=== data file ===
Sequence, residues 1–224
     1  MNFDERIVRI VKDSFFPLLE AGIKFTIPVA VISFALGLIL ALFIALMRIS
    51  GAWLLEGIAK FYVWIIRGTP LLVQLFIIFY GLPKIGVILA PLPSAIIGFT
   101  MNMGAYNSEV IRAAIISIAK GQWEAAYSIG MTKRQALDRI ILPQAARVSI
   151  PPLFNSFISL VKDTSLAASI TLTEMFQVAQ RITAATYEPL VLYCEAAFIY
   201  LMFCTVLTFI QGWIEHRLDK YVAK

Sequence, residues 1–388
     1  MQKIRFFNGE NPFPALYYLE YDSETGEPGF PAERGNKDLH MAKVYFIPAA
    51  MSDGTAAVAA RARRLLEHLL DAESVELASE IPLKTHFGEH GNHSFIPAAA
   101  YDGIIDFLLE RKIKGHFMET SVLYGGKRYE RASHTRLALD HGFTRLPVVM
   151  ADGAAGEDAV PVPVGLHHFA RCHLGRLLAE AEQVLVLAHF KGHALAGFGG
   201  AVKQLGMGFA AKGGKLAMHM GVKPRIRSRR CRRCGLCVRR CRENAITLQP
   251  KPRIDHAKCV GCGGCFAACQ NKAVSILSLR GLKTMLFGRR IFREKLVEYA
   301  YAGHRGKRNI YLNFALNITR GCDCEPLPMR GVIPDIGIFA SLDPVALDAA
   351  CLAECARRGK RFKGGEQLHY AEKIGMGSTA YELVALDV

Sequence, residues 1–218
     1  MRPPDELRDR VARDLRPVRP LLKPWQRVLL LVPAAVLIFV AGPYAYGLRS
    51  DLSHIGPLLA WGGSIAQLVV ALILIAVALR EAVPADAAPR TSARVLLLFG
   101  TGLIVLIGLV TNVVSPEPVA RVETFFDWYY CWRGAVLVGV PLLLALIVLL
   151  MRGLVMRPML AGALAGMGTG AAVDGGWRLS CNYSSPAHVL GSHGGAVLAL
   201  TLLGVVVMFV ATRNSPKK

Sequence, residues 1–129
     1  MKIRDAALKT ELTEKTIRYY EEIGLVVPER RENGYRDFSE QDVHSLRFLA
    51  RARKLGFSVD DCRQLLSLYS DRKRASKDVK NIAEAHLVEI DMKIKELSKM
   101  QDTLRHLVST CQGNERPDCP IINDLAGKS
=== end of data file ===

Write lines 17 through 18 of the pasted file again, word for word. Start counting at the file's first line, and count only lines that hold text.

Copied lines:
     1  MRPPDELRDR VARDLRPVRP LLKPWQRVLL LVPAAVLIFV AGPYAYGLRS
    51  DLSHIGPLLA WGGSIAQLVV ALILIAVALR EAVPADAAPR TSARVLLLFG